Nottingham has commemorated its largest Second World War air raid by holding a ceremony in the city.
The event was held at St Mary’s Church from 6pm at the memorial stone which lists the names of 37 servicemen and women who died on duty between 1940 and 1999.
To mark the ceremony, the air raid sign on top of the Galleries of Justice sounded for a minute.
Former firefighter turned fundraiser, Dave Needham, campaigned to raise money for the £20,000 memorial.
The member of the Fire Service Preservation Group said: “It’s about remembering those who put their lives on the line for others. It’s about humanity and service to people.
Hitler’s Luftwaffe dropped 1100 bombs on the evening of the May 8 and into the early morning of May 9, 1945.
These bombs claimed the lives of 200 people across Sneinton, Carlton, Colwick and West Bridgeford.
Mr Needham added: “They were ordinary people like you and me, but they did extraordinary things to help others.”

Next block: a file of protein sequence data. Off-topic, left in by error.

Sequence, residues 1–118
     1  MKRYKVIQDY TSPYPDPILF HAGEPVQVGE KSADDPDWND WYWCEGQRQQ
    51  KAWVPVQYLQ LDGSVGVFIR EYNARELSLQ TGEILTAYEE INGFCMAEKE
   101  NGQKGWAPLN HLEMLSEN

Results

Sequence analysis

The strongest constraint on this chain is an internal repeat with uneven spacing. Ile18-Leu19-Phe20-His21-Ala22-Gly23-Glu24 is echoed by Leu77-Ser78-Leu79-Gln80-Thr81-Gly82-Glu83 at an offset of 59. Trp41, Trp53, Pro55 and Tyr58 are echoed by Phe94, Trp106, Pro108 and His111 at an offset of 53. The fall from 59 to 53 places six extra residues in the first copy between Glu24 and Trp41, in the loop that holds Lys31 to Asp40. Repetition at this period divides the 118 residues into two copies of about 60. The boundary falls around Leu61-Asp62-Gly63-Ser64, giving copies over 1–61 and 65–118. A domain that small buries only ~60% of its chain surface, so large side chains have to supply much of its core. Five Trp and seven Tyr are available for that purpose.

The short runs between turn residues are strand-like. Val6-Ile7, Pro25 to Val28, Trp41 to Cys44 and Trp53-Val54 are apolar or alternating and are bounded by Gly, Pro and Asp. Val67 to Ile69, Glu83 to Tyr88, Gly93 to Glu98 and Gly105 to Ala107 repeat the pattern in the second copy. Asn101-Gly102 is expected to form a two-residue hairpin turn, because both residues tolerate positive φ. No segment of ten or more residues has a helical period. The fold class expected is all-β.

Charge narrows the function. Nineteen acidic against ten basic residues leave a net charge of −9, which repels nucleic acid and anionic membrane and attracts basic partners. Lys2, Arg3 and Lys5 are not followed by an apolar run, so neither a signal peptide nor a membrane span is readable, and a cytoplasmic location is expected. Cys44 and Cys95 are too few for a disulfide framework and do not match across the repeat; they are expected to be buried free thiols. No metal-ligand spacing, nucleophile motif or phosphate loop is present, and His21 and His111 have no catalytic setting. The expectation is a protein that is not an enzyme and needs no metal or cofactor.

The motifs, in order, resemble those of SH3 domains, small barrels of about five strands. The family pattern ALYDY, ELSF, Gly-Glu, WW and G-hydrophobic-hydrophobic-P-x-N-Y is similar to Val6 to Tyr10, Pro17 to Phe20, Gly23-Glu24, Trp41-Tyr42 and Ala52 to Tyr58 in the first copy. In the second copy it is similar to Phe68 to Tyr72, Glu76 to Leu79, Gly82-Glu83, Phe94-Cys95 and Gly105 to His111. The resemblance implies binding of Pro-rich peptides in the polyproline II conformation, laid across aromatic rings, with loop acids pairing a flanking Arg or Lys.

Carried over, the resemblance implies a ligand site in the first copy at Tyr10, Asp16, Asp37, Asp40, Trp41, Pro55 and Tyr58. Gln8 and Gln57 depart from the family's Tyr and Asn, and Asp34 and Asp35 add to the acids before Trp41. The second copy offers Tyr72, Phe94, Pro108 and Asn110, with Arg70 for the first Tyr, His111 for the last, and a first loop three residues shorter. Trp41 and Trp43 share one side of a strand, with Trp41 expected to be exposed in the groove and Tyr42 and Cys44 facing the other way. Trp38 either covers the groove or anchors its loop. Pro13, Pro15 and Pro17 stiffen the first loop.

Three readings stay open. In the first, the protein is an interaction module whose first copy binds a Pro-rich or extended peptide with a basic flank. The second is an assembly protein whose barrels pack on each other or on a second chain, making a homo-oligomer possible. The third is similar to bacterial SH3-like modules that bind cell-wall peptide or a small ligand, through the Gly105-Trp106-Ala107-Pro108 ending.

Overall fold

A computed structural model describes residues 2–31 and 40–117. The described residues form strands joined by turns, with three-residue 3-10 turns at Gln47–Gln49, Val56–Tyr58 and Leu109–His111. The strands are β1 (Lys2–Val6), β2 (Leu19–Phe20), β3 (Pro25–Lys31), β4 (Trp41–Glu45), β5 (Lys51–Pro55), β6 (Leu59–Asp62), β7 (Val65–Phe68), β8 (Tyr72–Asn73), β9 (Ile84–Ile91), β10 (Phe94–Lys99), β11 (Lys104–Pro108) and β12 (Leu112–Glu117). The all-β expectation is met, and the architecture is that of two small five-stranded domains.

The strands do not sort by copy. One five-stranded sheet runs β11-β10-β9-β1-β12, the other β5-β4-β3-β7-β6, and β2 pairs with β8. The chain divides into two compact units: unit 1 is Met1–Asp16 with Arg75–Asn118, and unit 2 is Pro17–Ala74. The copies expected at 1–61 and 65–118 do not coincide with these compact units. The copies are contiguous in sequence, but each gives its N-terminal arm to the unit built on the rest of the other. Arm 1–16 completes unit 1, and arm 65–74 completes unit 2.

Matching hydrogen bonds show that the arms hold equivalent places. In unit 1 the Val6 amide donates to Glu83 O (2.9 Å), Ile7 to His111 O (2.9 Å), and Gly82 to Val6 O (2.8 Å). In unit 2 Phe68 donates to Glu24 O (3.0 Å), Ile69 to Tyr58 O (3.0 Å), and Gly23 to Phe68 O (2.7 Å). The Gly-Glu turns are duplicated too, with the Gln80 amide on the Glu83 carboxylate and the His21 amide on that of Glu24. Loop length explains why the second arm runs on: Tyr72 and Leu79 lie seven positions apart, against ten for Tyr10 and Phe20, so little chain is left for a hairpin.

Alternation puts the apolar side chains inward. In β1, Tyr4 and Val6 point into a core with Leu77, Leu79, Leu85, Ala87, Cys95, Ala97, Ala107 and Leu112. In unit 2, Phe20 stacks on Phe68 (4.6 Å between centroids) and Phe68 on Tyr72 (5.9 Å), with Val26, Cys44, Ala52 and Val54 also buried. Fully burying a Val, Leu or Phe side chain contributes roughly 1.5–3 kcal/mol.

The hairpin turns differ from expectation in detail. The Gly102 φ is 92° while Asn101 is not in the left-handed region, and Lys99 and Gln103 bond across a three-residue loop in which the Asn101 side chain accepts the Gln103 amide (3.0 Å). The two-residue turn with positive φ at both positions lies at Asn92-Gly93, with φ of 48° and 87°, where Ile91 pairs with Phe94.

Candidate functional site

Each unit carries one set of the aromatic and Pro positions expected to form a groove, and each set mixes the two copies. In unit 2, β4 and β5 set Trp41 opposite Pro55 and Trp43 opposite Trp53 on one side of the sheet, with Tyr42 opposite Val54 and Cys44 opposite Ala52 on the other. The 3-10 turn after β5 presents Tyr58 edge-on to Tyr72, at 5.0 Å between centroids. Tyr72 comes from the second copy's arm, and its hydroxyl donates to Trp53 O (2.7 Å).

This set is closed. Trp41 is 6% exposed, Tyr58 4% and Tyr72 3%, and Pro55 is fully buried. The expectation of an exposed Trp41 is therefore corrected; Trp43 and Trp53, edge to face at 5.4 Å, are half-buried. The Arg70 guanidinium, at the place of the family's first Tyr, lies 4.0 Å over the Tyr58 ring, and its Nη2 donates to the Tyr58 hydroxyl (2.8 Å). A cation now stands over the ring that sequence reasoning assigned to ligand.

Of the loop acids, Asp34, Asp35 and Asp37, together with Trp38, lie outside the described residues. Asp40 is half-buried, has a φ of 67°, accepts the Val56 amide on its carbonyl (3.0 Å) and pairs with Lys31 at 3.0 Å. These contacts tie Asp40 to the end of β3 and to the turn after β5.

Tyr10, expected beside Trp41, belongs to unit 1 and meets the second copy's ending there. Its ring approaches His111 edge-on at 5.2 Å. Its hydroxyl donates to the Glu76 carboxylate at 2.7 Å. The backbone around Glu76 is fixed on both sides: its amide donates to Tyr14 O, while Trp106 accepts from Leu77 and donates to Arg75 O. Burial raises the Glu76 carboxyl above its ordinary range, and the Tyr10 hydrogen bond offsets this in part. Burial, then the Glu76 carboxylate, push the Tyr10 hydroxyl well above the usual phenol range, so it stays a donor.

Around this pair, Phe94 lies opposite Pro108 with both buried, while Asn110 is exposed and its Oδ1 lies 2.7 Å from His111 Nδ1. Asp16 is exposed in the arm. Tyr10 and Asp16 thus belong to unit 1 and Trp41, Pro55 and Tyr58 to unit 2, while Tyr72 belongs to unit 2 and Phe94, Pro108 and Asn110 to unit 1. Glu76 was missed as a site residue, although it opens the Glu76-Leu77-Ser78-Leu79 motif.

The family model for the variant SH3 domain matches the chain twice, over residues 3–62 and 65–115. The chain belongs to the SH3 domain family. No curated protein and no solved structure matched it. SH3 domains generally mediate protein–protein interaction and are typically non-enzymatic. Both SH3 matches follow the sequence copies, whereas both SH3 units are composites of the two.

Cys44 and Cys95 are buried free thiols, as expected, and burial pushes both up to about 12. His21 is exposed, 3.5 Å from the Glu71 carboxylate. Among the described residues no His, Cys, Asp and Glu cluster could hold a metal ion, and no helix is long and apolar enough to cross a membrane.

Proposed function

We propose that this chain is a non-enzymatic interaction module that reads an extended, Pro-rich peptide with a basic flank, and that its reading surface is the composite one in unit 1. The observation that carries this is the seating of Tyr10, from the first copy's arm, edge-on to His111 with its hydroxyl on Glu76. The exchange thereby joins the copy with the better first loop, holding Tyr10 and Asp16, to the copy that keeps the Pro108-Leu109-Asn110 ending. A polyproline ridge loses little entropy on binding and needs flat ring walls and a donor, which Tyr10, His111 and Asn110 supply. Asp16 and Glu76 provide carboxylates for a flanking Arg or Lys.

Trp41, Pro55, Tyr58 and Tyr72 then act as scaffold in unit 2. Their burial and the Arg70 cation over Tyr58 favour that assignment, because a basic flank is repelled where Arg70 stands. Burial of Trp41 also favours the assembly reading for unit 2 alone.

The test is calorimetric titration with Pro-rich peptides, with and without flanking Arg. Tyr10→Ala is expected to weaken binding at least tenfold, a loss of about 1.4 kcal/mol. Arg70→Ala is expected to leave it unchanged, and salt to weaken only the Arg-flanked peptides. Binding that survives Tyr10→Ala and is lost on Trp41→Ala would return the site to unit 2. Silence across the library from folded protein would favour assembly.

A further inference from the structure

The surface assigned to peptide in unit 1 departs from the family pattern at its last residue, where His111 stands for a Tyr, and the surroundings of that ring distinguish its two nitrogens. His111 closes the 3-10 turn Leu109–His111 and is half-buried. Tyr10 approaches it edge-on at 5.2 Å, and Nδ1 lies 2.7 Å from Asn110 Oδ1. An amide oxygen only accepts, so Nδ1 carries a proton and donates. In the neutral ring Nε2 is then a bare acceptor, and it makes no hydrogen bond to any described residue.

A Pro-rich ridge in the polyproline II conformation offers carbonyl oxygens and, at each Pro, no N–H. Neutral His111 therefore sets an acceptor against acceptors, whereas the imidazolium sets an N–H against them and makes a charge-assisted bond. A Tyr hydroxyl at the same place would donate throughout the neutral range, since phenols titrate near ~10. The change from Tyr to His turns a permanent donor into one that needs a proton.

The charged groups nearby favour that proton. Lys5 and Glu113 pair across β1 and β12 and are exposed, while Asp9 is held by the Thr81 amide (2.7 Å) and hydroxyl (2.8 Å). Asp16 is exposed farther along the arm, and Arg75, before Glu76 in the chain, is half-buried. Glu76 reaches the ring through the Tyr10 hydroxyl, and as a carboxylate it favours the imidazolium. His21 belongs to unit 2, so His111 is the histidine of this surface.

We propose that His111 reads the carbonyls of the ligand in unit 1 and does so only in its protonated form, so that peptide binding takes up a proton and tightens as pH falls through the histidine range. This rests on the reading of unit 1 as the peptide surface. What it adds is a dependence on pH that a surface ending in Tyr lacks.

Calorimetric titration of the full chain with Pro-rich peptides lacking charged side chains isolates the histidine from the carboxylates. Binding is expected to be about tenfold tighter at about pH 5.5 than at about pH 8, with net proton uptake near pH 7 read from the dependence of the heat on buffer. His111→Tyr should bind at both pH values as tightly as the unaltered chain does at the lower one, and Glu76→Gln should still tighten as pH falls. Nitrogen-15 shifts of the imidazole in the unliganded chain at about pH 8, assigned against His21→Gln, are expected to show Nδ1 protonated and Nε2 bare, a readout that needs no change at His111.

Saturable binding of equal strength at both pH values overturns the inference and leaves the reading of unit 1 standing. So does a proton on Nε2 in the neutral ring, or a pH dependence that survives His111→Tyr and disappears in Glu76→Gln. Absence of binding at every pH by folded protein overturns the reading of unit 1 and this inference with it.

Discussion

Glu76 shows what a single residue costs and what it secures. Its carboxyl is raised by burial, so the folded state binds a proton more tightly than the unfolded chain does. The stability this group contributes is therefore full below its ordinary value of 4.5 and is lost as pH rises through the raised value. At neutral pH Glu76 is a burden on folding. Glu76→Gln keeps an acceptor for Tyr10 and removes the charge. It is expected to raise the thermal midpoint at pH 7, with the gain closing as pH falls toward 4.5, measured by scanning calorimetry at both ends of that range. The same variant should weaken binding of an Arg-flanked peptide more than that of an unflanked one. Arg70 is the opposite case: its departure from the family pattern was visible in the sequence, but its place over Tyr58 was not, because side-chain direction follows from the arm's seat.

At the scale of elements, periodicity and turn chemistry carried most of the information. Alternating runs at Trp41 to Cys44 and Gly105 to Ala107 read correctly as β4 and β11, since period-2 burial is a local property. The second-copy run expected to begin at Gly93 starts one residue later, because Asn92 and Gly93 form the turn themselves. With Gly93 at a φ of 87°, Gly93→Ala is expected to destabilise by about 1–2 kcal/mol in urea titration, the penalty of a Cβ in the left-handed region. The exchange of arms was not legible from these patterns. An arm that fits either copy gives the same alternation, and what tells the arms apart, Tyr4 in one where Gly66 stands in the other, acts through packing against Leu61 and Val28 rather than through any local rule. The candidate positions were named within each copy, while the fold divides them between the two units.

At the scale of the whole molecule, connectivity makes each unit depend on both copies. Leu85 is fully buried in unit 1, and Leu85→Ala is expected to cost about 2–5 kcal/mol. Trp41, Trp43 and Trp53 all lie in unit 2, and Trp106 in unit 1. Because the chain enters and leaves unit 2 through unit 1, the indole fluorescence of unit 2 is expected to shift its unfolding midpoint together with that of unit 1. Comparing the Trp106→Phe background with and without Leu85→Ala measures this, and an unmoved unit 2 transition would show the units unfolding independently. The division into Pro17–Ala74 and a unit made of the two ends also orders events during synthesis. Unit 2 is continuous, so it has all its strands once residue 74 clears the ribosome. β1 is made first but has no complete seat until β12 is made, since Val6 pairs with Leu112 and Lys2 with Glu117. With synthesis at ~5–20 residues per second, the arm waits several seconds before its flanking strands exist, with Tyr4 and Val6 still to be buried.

Whilst Nottingham was not as severely hit as other cities in Britain during the Second World War this raid was considered the city’s biggest attack.
Two reservoirs of water were needed by the Nottinghamshire fire service in order to bring the fires under control.
Despite the chaos that ensued, the fatalities and the many hundreds that were injured, Mr Needham said that Nottingham did not suffer a “knockout blow.”
“Nottingham would have looked very different today had they come back.
“Usually there would be a follow-up raid, just when the firefighters are exhausted, but it fizzled out to nothing,” he said.